The Best Result From Congress: A 'No' Vote on Syria

"What I am opposed to is a dumb war."

One week ago at exactly this time -- it seems like a year -- the political world was on waning-moments countdown for the expected U.S. strike on Syria. Then about an hour later, President Obama took the surprising and highly welcome step of saying he would request approval from Congress. 

Let me spell out what was implicit in the items I was putting up just before and after the President's decision. You can find them all collected here, including the one by William Polk that continues to get a lot of attention. In the past few days, like my colleague Ta-Nehisi Coates (and for the same reason, the nightmare of actual article-writing), I've mainly been off line. Here is how things look to me a week further on:

  1. Obama's decision to involve Congress is the one clearly positive result of the horrific Syrian civil war. Whatever the reasons for his decision, it will help redress the decades-long distortion in executive and legislative power over military action.
  2. If I had a vote in Congress, I would vote No. I wasn't sure of that a week ago, as I'll explain below. But it is how I feel now because of this next reason #3.
  3. The President and many of his supporters have made an ironclad case that something should be done about the disasters and atrocities in Syria. But they have barely even tried to make a case that the right something is U.S. airstrikes without broad international support. Thus:
  4. Obama himself should hope that the Congress turns him down. A No vote would offer a legitimate if temporarily "humiliating" way out of what is looking more and more like an inexplicable strategic mistake.

Now the details.

On why Obama's decision was so valuable: I gave part of my explanation nine days ago. Garrett Epps explained the legal and historical reasoning around the same time. Zachary Karabell talked about the (wholesome) political implications yesterday. Many others have stressed the same thing. Overall: since at least the Vietnam era, people on all sides of American politics have lamented the seemingly unstoppable rise of an Imperial Presidency. Obama may not have had this in mind a month ago or even a week ago, but his decision will help brake (and break) that trend.

On why I was ready to hear his case, once he decided to make it to Congress: I had obviously been skeptical of unilateral military involvement Syria. A week ago we were headed toward action that was unilateral in two ways. One was the absence of UN, NATO, EU, UK, or other broad alliances that have been amassed for nearly all modern military strikes. The other was the domestic unilateralism of Obama's deciding this all on his own.

For me, the very fact of going to Congress made the plan presumptively more legitimate. If we went ahead, it would be a national decision, not one man's choice. A broader and more systematic U.S. process might in turn attract wider allied backing -- which in its turn could mark any action as a defense of truly international, not just American, norms. And the need to testify and debate in Congress, even this madhouse Congress, would ensure that basic questions about evidence, plans, and contingencies got asked and (presumably) answered. Therefore I thought a week ago that after hearing a case made, in these legitimizing circumstances, I could imagine being convinced that Congress should offer the support that the president, to his credit, had requested rather than assumed. Overall, we might have a least-worst outcome: bipartisan agreement, American leadership, reinforcement of the anti-chemical norm.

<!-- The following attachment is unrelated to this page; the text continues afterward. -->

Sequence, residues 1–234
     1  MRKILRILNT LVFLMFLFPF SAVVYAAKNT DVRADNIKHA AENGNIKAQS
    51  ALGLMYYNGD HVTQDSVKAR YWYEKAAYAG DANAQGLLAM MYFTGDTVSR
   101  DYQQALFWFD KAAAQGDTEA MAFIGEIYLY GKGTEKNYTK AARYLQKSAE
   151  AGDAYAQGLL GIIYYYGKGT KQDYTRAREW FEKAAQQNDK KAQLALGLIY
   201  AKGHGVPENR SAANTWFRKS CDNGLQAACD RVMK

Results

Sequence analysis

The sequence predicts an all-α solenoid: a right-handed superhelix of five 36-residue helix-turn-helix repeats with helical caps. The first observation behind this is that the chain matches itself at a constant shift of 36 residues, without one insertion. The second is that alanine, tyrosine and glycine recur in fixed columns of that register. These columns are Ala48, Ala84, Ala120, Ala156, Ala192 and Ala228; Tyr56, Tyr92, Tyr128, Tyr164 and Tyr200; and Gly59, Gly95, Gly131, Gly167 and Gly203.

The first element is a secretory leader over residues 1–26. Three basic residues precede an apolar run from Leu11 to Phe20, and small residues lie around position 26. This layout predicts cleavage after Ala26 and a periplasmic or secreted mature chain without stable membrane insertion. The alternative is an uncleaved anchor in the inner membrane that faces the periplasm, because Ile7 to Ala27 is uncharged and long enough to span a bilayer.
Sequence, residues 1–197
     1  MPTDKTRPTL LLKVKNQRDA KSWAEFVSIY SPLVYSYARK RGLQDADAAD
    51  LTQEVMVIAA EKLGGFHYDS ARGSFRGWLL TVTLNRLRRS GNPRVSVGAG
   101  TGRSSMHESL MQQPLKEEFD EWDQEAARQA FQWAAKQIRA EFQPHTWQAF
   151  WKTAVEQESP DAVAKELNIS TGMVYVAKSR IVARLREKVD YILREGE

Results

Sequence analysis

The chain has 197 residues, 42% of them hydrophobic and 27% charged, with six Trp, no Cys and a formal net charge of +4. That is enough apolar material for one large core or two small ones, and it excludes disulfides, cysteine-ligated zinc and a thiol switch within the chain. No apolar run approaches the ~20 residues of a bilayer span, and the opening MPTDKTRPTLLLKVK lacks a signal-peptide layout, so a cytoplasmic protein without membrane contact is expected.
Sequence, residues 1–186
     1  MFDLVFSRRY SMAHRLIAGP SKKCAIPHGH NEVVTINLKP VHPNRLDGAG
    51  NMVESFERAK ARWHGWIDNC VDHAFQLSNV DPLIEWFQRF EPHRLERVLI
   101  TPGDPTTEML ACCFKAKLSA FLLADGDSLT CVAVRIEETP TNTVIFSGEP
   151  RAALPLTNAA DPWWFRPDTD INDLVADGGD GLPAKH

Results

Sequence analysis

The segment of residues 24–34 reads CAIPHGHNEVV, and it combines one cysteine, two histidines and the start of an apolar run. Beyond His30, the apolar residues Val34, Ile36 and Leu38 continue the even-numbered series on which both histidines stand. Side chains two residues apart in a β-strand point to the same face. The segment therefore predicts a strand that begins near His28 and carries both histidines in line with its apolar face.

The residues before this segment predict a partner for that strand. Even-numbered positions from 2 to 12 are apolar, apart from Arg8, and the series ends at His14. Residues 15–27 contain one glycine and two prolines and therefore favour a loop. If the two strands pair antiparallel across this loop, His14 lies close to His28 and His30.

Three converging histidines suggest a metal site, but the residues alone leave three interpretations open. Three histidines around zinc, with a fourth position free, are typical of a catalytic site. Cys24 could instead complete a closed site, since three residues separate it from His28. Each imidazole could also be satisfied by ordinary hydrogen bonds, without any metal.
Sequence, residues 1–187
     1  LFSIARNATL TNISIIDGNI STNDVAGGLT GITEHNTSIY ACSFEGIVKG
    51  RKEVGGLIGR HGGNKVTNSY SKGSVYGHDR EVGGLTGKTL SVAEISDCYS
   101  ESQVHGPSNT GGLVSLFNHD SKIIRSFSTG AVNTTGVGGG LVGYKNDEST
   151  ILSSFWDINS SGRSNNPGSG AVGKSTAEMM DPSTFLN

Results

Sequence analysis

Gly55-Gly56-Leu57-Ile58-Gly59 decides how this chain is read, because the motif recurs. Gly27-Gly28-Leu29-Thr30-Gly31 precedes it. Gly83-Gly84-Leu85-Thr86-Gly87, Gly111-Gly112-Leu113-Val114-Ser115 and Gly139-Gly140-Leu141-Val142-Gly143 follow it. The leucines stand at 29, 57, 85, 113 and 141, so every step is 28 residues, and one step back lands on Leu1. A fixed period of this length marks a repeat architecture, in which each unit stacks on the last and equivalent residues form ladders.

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James Fallows is a national correspondent for The Atlantic and has written for the magazine since the late 1970s. He has reported extensively from outside the United States and once worked as President Carter's chief speechwriter. His latest book is China Airborne. More

James Fallows is based in Washington as a national correspondent for The Atlantic. He has worked for the magazine for nearly 30 years and in that time has also lived in Seattle, Berkeley, Austin, Tokyo, Kuala Lumpur, Shanghai, and Beijing. He was raised in Redlands, California, received his undergraduate degree in American history and literature from Harvard, and received a graduate degree in economics from Oxford as a Rhodes scholar. In addition to working for The Atlantic, he has spent two years as chief White House speechwriter for Jimmy Carter, two years as the editor of US News & World Report, and six months as a program designer at Microsoft. He is an instrument-rated private pilot. He is also now the chair in U.S. media at the U.S. Studies Centre at the University of Sydney, in Australia.

Fallows has been a finalist for the National Magazine Award five times and has won once; he has also won the American Book Award for nonfiction and a N.Y. Emmy award for the documentary series Doing Business in China. He was the founding chairman of the New America Foundation. His recent books Blind Into Baghdad (2006) and Postcards From Tomorrow Square (2009) are based on his writings for The Atlantic. His latest book is China Airborne. He is married to Deborah Fallows, author of the recent book Dreaming in Chinese. They have two married sons.

Fallows welcomes and frequently quotes from reader mail sent via the "Email" button below. Unless you specify otherwise, we consider any incoming mail available for possible quotation -- but not with the sender's real name unless you explicitly state that it may be used. If you are wondering why Fallows does not use a "Comments" field below his posts, please see previous explanations here and here.

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